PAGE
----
Thursday, January 24, 2013

How to Make a Hands-Free Pumping Bra

Sorry for the inexcusable neglect of my blog to all you non-existent readers! As many of you know, pregnancy in itself is an interesting adventure, some of which I hope to document in the near future -- ironically as my li'l adventure is about to end! Anyone who has had to prepare for the arrival of a baby knows how incredibly expensive it can get. Yes, yes, you will hear people say, "But all a baby REALLY needs are clothes, food, and diapers." The truly sappy will end that sentence with "and LOVE." Yes, that's true if you plan on going about childrearing in a truly barebones fashion, but who are we kidding? Kids are expensive for most folks!

In the spirit of saving money -- well, technically spending less than I ought to -- I've turned to many DIY projects. Sure, some of them probably were more expensive to produce on my own, but given the time value of my labor (market value = $0), I'm sure most of my little DIY projects came out ahead on the benefit:cost ratio.

So, without further ado, I present, "How to Make a Hands-Free Pumping Bra"
Actually, before we begin: This is not the totally lazy/poor man's version of how to make a pumping bra. For that, consult other blogs where the instructions basically are to cut a vertical slit into the bra. My DIY tutorial is a little more involved and hopefully will produce a more durable bra.

Supplies:
- cheap sports bras
comment: I found mine at Wal-Mart for a pack of 2 for about $9 and some change. They are VERY stretchy, so though I do not know what size I WILL be once my milk comes in (fingers crossed!), I went with my best estimate given my current chest/band size, factored in some post-partum weight loss (wishful thinking?), and ensured that these babies would stretch.
- sewing machine and thread
comment: I have a Brother CS-6000i.
 - miscellaneous: a sheet of paper, some cardboard, scissors, and a ruler/protractor

 Instructions:

1) Try on the sports bra and mark off where your milk-producing "spouts" will be in said bra. I used a Sharpie pen (for a lighter colored bra) and some Ivory bar soap (for a darker colored bra). To give myself more room, I also tried the sports bra on over a t-shirt and bra since I don't have an accurate measure of my future bust size. Here's mine (before):

2) Make a stencil. If you know what the diameter of your pump's flange will be, then use that. I went with the default on my pump (Medela In Style), which is 24mm. This is approximately 1 inch in diameter if you don't have any numbers of your own to use. When debating between two numbers, I would probably choose the smaller number provided your sports bra is super stretchy. (Mine were 95% nylon and 5% spandex.) Trace the outer edge of your flange (only the stem of the part that actually suctions to your breast) onto a piece of cardboard.

3) Trace the stencil over bra (or fill it in), centered on the nipple marks. This is pretty self-explanatory.
4) Pin some paper under the areas that you will sew. This will help the garment to not get "eaten" into the machine by the feed dogs, which I leave on, as well as to give you something firmer to grip to move around while you sew.

 5) Use a an overcast stitch* for stretchy fabrics. I also changed my needle to a ballpoint needle for this task. I used a 3-point zig-zag stitch (stitch #8 on my machine with 1.0 stitch length and 2.0 stitch width and tension at 4) and went around the marked circle two times with a few reinforcement stitches at the end. I know it's hard to sew in a round, so when in doubt, make the circle tighter/smaller than you think you should or if you can't see your stencil marks clearly. The material is incredibly forgiving and will stretch once you wear it, so ensure a better fit by not making the holes too large. And don't worry if it's not perfectly circular either. Carefully rip off the paper backing. (If your stitches seem too loose without the paper, increase your tension and try again. If this step makes you nervous, I suppose you can just wash the bra with the paper and allow the washing machine to dissolve it off.)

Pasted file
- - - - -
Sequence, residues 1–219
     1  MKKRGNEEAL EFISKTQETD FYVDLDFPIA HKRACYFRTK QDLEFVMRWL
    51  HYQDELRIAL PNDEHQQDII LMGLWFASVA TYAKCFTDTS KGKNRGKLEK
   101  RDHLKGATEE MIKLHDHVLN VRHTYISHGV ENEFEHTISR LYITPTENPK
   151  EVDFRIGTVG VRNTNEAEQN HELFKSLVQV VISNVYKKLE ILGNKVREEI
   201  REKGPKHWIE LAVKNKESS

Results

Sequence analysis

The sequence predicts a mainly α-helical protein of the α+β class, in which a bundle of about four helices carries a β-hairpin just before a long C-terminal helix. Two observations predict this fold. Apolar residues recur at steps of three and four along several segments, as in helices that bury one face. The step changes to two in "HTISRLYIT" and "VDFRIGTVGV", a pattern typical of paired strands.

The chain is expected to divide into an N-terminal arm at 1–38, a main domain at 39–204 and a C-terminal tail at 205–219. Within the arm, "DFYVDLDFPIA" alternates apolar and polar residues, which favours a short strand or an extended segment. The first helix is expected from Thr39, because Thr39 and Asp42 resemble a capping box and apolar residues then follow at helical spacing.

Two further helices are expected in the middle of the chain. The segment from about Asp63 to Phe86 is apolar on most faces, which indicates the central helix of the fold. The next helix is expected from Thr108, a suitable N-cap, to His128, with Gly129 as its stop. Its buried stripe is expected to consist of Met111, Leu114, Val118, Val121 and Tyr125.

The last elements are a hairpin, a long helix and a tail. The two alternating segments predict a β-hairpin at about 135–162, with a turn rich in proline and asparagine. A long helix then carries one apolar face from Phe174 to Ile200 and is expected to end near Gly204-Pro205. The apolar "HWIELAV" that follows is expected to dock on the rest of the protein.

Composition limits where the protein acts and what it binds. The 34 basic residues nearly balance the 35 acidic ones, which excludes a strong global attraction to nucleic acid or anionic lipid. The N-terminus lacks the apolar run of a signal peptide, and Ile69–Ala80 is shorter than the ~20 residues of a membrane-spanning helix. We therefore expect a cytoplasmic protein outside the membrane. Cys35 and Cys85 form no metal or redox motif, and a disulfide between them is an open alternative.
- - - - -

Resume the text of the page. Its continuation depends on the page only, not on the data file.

6) Use a small, sharp pair of scissors to cut out the fabric inside the circular seam. Be careful not to cut into any of the stitches you just made!

 7) You're done! Now you have a very handy (not terribly shabby looking in my opinion) hands-free pumping bra for only about $5 -- many of which I've seen retail for about $25 or more -- OR you have yourself a very...uh..interesting...and non-functional bra...for...uh....recreational purposes. Here's mine (after) with the pump part shown on the right:

* Disclaimer: I do not profess to be a master crafter, sewer, etc., so give me some leeway in my recommendations, please. :)

4 comments:

  1. Oh my goodness, thank you for posting this! I would MUCH rather do this than go buy a bra specifically for pumping as to the fact that I have a million spare sports bras and very little money to play with.

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    Replies
    1. You're very welcome! Glad you found it helpful and useful. :)

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  2. I was searching online about the causes of sagging breasts and how can one prevent it. There are several studies that indicates that using a sports bra or a boob band may help to prevent it.Has anyone ever used this booband. I just bought this and really wanted to know about its reviews.I bought it from the company website itslef i.e.,boobuddy.

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  3. Bra's have been worn by ladies the world over since 2000 BC, when the primary girdle, made of calfskin was worn to help and layout the bosoms. The old Greeks wore a sort of bra that pushed the bosoms upwards yet left the bosom itself stripped. Ethical lingerie

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